Could September’s disappointing U.S. jobs report alter the Fed’s tapering timeline?
On the latest edition of Market Week in Review, Chief Investment Strategist Erik Ristuben and Research Analyst Laura Bardewyck discussed the September U.S. employment report and whether it could impact the U.S. Federal Reserve (the Fed)’s plans for scaling back asset purchases. They also provided an update on the U.S. debt-ceiling saga and chatted about soaring energy prices in Europe.
September slump: U.S. nonfarm payrolls miss expectations
Recently released data from the Labor Department showed that the U.S. economy added just 194,000 jobs during September—falling significantly short of consensus expectations for 340,000 new nonfarm payrolls. Ristuben characterized the number as disappointing, noting that many analysts had expected that the expiration of extended federal unemployment benefits early last month—combined with the widespread reopening of schools across the country—would prompt more individuals to re-enter the workforce.
“The leisure and hospitality industry did experience a modest uptick in job growth in September—albeit nothing compared to the strong gains from earlier in the year—while government jobs in education declined by around 140,000,” Ristuben stated. The slower pace of job gains in places like bars, restaurants and hotels was probably due to the spread of the delta variant of the coronavirus, he said, noting that infections were near peak levels at the time the survey was conducted. The decrease in public education jobs, on the other hand, may be partly due to seasonable adjustments in the data, Ristuben stated, noting that government-job numbers can be fairly volatile for this very reason.
Of perhaps greater significance, the September report also showed that wage pressures are continuing to build, he said, explaining that average hourly wages increased 0.6% from August—and 4.6% on a year-over-year basis. “This is the sixth straight month we’ve seen wage growth in the monthly jobs reports running a little hot,” Ristuben remarked, noting that the Atlanta Fed’s wage growth tracker has been capturing a similar trend.
Ultimately, Ristuben believes that these strong wage-growth numbers are likely to garner more attention from the Fed than the weaker job-growth numbers, especially since Chairman Jerome Powell indicated at a Sept. 22 press conference that he thinks substantial further progress toward full employment has probably already been met. “This leads me to believe that the Fed will still announce a timeline on tapering at its Nov. 2-3 meeting,” he said, noting that the current waning in COVID-19 infections also suggests that October’s job gains could be stronger. While the October report will not be released until after the Fed’s next policy meeting, Ristuben expects that the rise in wage growth over the last several months will be enough of a factor for the central bank to stick to its tapering timeline.
The U.S. debt-ceiling deal: Kicking the can down the road—but not very far
In a substantial development, the U.S. Senate authorized a temporary extension of the debt ceiling on Oct. 7, Ristuben said, with lawmakers agreeing to raise the federal borrowing limit by US
US$480 billion through Dec. 3. The House of Representatives still needs to ratify the measure, he added, with approval expected on Oct. 12.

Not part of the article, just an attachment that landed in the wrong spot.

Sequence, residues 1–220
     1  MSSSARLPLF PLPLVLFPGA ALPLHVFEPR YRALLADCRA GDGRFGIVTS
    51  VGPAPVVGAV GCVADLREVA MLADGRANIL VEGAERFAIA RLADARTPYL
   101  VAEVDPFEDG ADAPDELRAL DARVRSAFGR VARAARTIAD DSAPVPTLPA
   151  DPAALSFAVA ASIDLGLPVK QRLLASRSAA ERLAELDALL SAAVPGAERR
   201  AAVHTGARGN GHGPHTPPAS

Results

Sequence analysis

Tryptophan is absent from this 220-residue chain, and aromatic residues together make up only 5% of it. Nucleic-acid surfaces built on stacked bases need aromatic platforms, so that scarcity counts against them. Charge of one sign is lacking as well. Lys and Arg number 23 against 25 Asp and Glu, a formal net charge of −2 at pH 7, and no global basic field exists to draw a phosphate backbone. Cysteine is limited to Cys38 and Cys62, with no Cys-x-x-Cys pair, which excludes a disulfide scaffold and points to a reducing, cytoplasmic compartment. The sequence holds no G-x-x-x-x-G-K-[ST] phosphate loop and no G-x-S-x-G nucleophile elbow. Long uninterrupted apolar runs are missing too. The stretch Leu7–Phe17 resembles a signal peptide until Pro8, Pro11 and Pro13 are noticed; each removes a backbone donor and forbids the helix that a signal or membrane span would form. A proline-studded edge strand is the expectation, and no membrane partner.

“This latest agreement essentially allows lawmakers to kick the can down the road again—but not very far,” Ristuben remarked, “as this issue will have to be addressed again in less than two months.” At this point, it’s quite clear that Senator Minority Leader Mitch McConnell from the Republican Party thinks that the Democratic Party needs to solve the debt-ceiling issue through the budget-reconciliation process, he noted. While this may sound like a straightforward issue, Ristuben expects that the whole saga will rear its head again in mid-to-late November as the newest deadline approaches.
For now, though, the key takeaway is that the U.S. dodged a technical default on its debt for the first time ever, he stressed, noting that markets rebounded sharply on the news.
European natural gas prices soar. What’s behind the increase?
Shifting gears to energy prices, Ristuben noted that costs have surged to record levels across much of Europe, particularly for natural gas. Part of the reason for the skyrocketing rise in prices is due to a limited supply from Russia, which is one of Western Europe’s largest suppliers, Ristuben said. Russian President Vladimir Putin recently stated that the country will work to increase its supply to meet demands, he noted. Ristuben added that another factor pushing up prices is the cost of European Union (EU) carbon allowances, which are estimated to be responsible for about one-fifth of the increase.
The longer-term takeaway from the region’s energy crunch is that it will likely motivate EU leaders to move toward green-energy solutions sooner rather than later, he explained. “Already, governments in Europe are leading the charge on ESG (environmental, social and governance) initiatives, with the European Union recently pledging to achieve carbon neutrality by 2050. EU leaders have talked about being more aggressive when it comes to increasing the cost of consuming carbon—which would lead to higher energy prices for individuals—and how they’re willing to bear that,” Ristuben remarked.
Ultimately, European leaders appear fully committed to doubling-down on ESG initiatives, he concluded, noting that this could have significant implications for markets in five to 10 years.